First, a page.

Travis Akbar named Centralised First Nations Documentary Australia fellow

Travis Akbar.

Travis Akbar is the third recipient of the Centralised First Nations Documentary Australia Fellowship, with the filmmaker to receive a grant of up to $30,000 to develop his project Kuta New Wiltja (Toward New Camp), as well as up to $10,000 of in-kind support to attend training opportunities at AFTRS.

A Waljen man from the Wongutha First Nation of Western Australia’s Eastern Goldfields who was raised on Wirangu country near Ceduna, South Australia, Akbar’s documentary will retrace the journey of his great grandparents, Lali, a tribal Wongutha woman, and Afghan cameleer Jack Akbar, whose love was deemed illegal under the policies of the 1920s Western Australian Government’s “Chief Protector of Aborigines” A.O. Neville.

Beginning in Kalgoorlie, Western Australia, he and his sibling Skye will visit their family and Elders to yarn about the story of their ancestors before hitting the highway to camp where Jack and Lali camped, visit the places they visited, and see what they saw.

The film’s also going to explore Jack’s time teaching R.M Williams how to weave, Jack’s work in Renmark, and Jack and Lali’s move to Lyndhurst in remote South Australia.

Akbar, who last month was named as one of Australians in Film and Screen Australia’s Untapped participants, said being awarded the opportunity to explore and develop the personal project couldn’t have come at a better time.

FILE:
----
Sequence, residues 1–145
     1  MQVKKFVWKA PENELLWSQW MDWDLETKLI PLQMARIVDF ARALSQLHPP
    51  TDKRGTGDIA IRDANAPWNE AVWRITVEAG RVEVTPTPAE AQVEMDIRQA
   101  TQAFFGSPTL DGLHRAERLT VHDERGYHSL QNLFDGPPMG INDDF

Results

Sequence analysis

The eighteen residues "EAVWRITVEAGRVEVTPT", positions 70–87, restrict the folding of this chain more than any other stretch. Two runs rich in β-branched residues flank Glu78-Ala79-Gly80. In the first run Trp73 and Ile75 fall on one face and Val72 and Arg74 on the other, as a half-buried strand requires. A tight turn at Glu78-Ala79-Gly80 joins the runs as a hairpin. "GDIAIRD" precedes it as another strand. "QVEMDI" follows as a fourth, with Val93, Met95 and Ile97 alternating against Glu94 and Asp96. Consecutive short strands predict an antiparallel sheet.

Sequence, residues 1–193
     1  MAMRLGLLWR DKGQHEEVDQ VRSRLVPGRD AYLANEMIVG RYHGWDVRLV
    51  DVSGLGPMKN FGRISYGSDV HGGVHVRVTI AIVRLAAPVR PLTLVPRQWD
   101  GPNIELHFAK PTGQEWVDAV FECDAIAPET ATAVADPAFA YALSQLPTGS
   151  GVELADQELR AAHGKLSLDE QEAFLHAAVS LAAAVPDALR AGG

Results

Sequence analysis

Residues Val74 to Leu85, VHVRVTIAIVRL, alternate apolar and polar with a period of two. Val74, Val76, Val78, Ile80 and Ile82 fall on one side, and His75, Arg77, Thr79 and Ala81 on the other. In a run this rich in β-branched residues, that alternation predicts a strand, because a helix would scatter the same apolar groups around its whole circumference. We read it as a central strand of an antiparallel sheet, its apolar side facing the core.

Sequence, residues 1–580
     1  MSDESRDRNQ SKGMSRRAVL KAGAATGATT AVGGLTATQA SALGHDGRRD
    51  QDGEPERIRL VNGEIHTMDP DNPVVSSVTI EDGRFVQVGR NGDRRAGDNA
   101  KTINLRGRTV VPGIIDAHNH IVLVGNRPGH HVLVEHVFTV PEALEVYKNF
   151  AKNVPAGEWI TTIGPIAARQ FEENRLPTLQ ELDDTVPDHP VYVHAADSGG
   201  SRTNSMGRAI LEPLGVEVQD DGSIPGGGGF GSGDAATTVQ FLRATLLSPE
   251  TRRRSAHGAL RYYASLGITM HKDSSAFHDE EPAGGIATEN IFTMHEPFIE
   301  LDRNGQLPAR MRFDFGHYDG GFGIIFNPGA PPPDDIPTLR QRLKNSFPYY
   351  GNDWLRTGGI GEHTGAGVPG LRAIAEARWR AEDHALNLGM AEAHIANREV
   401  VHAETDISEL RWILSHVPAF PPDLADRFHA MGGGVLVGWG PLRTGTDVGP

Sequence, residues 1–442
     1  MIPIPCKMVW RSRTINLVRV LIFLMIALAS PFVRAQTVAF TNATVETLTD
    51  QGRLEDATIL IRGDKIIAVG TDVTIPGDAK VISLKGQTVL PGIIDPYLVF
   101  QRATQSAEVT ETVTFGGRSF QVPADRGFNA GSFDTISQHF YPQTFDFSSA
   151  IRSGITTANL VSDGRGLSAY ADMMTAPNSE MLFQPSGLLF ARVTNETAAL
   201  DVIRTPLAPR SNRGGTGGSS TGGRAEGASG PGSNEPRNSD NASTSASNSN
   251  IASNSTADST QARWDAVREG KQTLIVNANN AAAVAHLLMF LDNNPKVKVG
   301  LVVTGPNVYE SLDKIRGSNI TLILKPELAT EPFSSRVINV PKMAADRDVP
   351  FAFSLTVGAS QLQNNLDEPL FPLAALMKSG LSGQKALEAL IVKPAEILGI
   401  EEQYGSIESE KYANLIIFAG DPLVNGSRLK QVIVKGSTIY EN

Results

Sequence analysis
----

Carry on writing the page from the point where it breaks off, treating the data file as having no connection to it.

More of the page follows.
“I have worked tirelessly for the last four years, with the support of my wife and children, to chase my dream, and the last few months have really shown me I am on the right track,” he said.

“But all of that, of course, has meant spending less time with my family, so to receive a fellowship for a project with the theme of family is not just a huge reward, but an incredible show of confidence in my ability.

“So thank you to Documentary Australia, the South Australian Film Corporation, and all the program partners.”

Presented by Documentary Australia, Screen Territory, the South Australian Film Corporation, National Indigenous Television (NITV), and the Australian Film Television and Radio School (AFTRS Indigenous), the fellowship is part of the Centralised initiative, which aims to create career pathways for First Nations screen creatives in South Australia and Northern Territory via mentoring, workshops, attachments, and internships.

Documentary Australia CEO Mitzi Goldman said it was “deeply satisfying” to be able to support the professional development of First Nations storytellers.

“Our country and culture as a whole will be enriched by the voices heard as a result of this initiative. I look forward to meeting Travis and discovering his story and am honoured that we can support him in this way.”

SAFC CEO Kate Croser described Akbar as an “extremely talented emerging screen creative” that her organisation was pleased to be able to support.

Screen Territory director Jennie Hughes said she looked forward to seeing Akbar’s story realised on screen.

“Screen Territory is delighted to be collaborating with our Centralised partners on this important initiative,” she said.

“The Centralised DA Fellowship provides a unique opportunity for SA and NT First Nations filmmakers to further hone their craft and to develop their documentary project.”

Akbar joins previous fellows Josh Trevorrow and Tamara Whyte.